On New Year's Day, 1825, at the last of his annual White House receptions, President James Monroe made a pleasing impression upon a Virginia lady who shook his hand:
"He is tall and well formed. His dress plain and in the old style.... His manner was quiet and dignified. From the frank, honest expression of his eye ... I think he well deserves the encomium passed upon him by the great Jefferson, who said, 'Monroe was so honest that if you turned his soul inside out there would not be a spot on it.' "
Born in Westmoreland County, Virginia, in 1758, Monroe attended the College of William and Mary, fought with distinction in the Continental Army, and practiced law in Fredericksburg, Virginia.
As a youthful politician, he joined the anti-Federalists in the Virginia Convention which ratified the Constitution, and in 1790, an advocate of Jeffersonian policies, was elected United States Senator. As Minister to France in 1794-1796, he displayed strong sympathies for the French cause; later, with Robert R. Livingston, he helped negotiate the Louisiana Purchase.
His ambition and energy, together with the backing of President Madison, made him the Republican choice for the Presidency in 1816. With little Federalist opposition, he easily won re-election in 1820.
Monroe made unusually strong Cabinet choices, naming a Southerner, John C. Calhoun, as Secretary of War, and a northerner, John Quincy Adams, as Secretary of State. Only Henry Clay's refusal kept Monroe from adding an outstanding Westerner.
Early in his administration, Monroe undertook a goodwill tour. At Boston, his visit was hailed as the beginning of an "Era of Good Feelings." Unfortunately these "good feelings" did not endure, although Monroe, his popularity undiminished, followed nationalist policies.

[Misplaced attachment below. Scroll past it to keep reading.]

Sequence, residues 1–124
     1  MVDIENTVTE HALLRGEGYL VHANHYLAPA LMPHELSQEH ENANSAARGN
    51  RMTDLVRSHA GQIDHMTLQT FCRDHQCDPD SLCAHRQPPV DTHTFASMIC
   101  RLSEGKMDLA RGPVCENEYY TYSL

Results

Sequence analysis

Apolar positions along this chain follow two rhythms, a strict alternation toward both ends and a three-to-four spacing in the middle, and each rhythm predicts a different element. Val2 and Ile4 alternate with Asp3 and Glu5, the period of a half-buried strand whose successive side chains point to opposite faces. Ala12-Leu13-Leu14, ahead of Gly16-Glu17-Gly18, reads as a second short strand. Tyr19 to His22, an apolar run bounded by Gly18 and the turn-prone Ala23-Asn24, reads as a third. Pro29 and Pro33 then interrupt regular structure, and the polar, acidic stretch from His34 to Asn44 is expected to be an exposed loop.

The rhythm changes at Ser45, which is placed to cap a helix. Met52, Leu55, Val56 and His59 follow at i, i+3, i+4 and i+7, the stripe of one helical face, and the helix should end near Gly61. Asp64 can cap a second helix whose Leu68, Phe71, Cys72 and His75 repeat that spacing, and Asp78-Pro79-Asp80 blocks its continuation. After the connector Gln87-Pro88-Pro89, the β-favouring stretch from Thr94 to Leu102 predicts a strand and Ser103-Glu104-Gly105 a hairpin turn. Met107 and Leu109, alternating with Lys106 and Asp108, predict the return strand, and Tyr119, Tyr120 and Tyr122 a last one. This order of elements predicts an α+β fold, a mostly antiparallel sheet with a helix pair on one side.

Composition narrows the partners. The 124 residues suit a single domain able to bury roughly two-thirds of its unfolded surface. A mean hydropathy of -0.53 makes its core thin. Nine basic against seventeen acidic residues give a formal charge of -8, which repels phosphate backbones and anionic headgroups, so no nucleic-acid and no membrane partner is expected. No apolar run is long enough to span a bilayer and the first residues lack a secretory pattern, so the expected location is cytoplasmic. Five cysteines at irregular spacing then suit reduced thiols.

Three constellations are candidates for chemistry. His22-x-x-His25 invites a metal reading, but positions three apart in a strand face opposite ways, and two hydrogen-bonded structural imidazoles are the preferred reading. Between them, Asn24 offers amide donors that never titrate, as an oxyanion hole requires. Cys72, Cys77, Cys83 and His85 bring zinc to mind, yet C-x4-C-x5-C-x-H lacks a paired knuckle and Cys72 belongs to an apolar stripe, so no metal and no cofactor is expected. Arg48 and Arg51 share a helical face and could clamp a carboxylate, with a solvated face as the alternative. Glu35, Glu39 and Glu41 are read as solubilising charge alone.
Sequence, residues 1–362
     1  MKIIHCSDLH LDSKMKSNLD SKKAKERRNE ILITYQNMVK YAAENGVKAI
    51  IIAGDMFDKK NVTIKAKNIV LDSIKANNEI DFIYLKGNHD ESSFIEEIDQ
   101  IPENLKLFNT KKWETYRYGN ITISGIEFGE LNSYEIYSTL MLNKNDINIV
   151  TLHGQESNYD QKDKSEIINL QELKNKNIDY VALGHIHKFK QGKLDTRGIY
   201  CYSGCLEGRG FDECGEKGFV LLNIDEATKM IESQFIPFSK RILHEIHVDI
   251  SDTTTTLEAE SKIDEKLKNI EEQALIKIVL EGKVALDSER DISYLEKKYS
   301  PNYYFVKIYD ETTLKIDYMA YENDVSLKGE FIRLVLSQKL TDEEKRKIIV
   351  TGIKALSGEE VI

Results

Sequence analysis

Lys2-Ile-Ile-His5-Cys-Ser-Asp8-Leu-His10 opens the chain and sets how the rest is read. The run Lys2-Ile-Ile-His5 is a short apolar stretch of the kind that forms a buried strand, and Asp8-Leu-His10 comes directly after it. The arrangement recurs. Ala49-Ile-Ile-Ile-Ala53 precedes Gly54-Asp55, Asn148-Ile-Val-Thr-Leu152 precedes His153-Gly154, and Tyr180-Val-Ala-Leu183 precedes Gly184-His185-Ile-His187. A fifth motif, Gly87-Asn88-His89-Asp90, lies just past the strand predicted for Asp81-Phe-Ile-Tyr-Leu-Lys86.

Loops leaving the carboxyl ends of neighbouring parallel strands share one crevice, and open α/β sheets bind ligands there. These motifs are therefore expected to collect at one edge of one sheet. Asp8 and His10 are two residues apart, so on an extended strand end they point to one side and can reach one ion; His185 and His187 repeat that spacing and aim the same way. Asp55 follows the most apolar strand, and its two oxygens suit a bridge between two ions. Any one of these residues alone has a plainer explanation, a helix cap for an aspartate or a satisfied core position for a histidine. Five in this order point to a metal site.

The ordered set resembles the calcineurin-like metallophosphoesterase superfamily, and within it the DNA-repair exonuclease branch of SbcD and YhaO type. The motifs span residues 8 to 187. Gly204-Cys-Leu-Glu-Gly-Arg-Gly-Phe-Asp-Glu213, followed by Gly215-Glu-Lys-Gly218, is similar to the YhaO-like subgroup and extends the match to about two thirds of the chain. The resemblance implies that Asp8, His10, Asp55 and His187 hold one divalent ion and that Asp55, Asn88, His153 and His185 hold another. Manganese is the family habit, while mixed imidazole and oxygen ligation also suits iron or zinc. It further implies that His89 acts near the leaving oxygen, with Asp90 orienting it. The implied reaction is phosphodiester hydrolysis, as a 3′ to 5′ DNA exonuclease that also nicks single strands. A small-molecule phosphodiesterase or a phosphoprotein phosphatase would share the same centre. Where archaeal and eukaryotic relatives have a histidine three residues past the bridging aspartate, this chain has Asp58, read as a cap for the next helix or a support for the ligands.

Across the facade of nationalism, ugly sectional cracks appeared. A painful economic depression undoubtedly increased the dismay of the people of the Missouri Territory in 1819 when their application for admission to the Union as a slave state failed. An amended bill for gradually eliminating slavery in Missouri precipitated two years of bitter debate in Congress.
The Missouri Compromise bill resolved the struggle, pairing Missouri as a slave state with Maine, a free state, and barring slavery north and west of Missouri forever.
In foreign affairs Monroe proclaimed the fundamental policy that bears his name, responding to the threat that the more conservative governments in Europe might try to aid Spain in winning back her former Latin American colonies. Monroe did not begin formally to recognize the young sister republics until 1822, after ascertaining that Congress would vote appropriations for diplomatic missions. He and Secretary of State John Quincy Adams wished to avoid trouble with Spain until it had ceded the Floridas, as was done in 1821.
Great Britain, with its powerful navy, also opposed reconquest of Latin America and suggested that the United States join in proclaiming "hands off." Ex-Presidents Jefferson and Madison counseled Monroe to accept the offer, but Secretary Adams advised, "It would be more candid ... to avow our principles explicitly to Russia and France, than to come in as a cock-boat in the wake of the British man-of-war."
Monroe accepted Adams's advice. Not only must Latin America be left alone, he warned, but also Russia must not encroach southward on the Pacific coast. ". . . the American continents," he stated, "by the free and independent condition which they have assumed and maintain, are henceforth not to be considered as subjects for future colonization by any European Power." Some 20 years after Monroe died in 1831, this became known as the Monroe Doctrine.